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Necromanteion: Greek Oracle of the Dead offers visitors glimpse at the Bronze Age

Added: (Mon Sep 05 2005)

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Sailing to Hades up Acheron River near Parga, Greece bring ancient past back to life as "Gates to Underworld" explored



Necromanteion near Parga, Greece offers modern day tourists a glimpse at ancient life dating back to the 13th century BCE. The Greek Oracle of the Dead was believed to be the entrance to Hades and Persephone. While the ancients came to consult the souls of the dead for a peek at the future, today's visitors are accorded a view into the distant past. Travel writer and photographer Ruth Kozak offers her description of Necromanteion and surrounding ruins in the latest feature posted at www.Travel-Wise.com - "Where Smart Travelers Come First!"


Greece is well known for its ancient ruins, Greek myths and Socratic wisdom. Every year, thousands of visitors go back in time visiting the birthplaces of our western civilization. The Necromanteion near Ephyra is no exception.

"I am on a slow-moving motor launch sailing up the mysterious Acheron River, symbolized in Greek myth as the River Styx. [Fortunately] there are no corpses aboard this boat, their eyes sealed shut with gold coins," describes Ruth.

"I am on my way to visit the Oracle of the Dead, the Necromanteion, a mystical sanctuary that the ancient Greeks believed to be the entrance to the Underworld. Hades!"

The boat trip from the port of Parga ends with a two kilometer walk to the small village of Messopotamo.

"On a hillside behind the village, protected by cyclopean walls and an inner circuit of polygonal masonry, dark passageways lead to the mouth of an underground cavern which was believed to be the entrance to the realm of Hades and Persephone. Ancients came here to consult the souls of the dead who, on leaving their bodies, acquired knowledge of the future."

The Necromanteion near the beautiful town of Parga on Greeceís west coast, belonged to the ancient Bronze Age city of Ephyra. The site had been inhabited since Mycenaean times judging from the finding of several shards and a bronze sword dating to the 13th century BCE.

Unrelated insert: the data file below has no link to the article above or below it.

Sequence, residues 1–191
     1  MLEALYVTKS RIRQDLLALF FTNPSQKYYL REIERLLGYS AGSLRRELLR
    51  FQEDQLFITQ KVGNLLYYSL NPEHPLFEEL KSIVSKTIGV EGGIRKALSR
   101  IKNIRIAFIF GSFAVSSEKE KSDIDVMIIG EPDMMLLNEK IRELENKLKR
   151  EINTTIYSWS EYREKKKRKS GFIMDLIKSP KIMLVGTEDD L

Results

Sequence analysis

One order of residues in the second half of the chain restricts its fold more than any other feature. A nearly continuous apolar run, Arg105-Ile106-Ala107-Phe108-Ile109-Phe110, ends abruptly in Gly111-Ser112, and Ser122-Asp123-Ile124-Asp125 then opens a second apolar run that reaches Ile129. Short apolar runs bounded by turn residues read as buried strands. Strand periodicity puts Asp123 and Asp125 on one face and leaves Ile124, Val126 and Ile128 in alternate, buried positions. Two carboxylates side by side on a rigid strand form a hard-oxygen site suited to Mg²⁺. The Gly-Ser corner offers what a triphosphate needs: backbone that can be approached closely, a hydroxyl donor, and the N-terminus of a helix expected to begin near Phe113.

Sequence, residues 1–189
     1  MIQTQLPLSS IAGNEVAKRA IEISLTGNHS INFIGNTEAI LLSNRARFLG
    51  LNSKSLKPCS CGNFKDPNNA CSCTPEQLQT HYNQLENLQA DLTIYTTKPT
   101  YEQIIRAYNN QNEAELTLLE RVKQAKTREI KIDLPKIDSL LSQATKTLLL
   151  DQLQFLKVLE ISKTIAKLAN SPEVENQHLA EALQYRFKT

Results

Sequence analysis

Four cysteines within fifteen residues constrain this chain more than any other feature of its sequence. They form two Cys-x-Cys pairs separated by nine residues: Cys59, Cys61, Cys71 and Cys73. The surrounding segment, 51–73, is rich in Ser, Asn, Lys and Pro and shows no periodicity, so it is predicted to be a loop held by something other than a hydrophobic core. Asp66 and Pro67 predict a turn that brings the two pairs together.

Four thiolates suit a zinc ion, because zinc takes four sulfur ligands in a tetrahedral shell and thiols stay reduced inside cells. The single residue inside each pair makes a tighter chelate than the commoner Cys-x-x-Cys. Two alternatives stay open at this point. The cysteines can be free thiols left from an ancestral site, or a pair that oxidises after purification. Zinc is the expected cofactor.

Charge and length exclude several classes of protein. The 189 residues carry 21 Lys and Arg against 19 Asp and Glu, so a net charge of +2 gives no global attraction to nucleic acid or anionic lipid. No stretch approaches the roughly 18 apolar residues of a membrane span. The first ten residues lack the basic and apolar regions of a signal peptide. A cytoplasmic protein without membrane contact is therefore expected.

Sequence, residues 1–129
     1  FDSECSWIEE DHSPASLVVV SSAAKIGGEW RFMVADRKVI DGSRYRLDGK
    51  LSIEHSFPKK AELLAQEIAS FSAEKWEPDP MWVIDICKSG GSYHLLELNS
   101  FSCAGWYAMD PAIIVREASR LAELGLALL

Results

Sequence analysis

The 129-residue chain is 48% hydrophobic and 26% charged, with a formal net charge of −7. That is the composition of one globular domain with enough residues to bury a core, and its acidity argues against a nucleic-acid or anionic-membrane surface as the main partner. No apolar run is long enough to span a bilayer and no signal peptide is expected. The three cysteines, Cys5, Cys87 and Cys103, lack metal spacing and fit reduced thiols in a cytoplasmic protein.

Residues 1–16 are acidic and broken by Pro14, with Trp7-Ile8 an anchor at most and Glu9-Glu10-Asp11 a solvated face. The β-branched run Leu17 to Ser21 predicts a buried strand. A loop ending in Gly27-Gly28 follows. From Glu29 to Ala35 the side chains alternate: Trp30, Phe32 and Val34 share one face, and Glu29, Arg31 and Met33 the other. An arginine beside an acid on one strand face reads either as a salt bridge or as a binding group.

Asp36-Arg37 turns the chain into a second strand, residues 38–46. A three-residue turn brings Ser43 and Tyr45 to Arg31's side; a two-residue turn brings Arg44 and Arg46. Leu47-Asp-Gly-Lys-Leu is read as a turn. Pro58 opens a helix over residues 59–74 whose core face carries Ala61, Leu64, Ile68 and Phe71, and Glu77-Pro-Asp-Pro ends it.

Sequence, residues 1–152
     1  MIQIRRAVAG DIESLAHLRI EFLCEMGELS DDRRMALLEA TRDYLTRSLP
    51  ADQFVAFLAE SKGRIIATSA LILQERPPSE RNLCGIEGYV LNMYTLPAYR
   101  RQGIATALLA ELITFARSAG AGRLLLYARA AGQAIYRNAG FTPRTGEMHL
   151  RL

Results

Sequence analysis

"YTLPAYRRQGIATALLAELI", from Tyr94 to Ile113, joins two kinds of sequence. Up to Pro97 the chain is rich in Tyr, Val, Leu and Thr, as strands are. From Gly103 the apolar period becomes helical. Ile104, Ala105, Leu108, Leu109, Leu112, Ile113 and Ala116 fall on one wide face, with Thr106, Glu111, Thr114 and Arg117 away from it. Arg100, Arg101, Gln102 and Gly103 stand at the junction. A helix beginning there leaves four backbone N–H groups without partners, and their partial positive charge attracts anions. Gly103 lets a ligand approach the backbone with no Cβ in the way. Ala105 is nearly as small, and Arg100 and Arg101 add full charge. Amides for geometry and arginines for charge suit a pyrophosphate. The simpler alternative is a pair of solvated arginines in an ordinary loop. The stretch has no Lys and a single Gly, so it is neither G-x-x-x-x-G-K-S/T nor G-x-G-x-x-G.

The Necromanteion was the most famous sanctuary of its kind in antiquity. Many pilgrims visited there including Odysseus, who attempted to conjure Achillesí ghost. The ancients believed that a personsí soul was immortal after its freedom from the body, and that a mortalís contact with the dead, with a view to predict the future, demanded special sacrifices and rituals.

Fortunately, today's tourists are not subjected to the three stages of physical and spiritual testing those ancient pilgrims experienced. Instead, they can simply enjoy the descent into the cold musty crypt and use their imagination to conjure up ghosts of old.

"It is an eerie place, not impossible to imagine how the pilgrims, disoriented and under the influence of potions, could be fooled into believing the Dead were really there communicating with them," says Ruth. Sailing to Hades is a chance to experience a sťance "ancient-style."

For more details about the Necromanteion, as well as other fascinating destinations around the world, visit www.Travel-Wise.com - "Where Smart Travelers Come First!" New travel reviews by professional travel writers are featured each week at this leading international travel website.

Travelers looking for more information about Greek mythological destinations often search for Necromanteion, Nekromanteion, Greek, Greece, Bronze Age, Athens, Ephrya, Aphrya, travellers, travelling, Port of Parga, River Styx, Acheron River and Socrates.

Submitted by:Peter James
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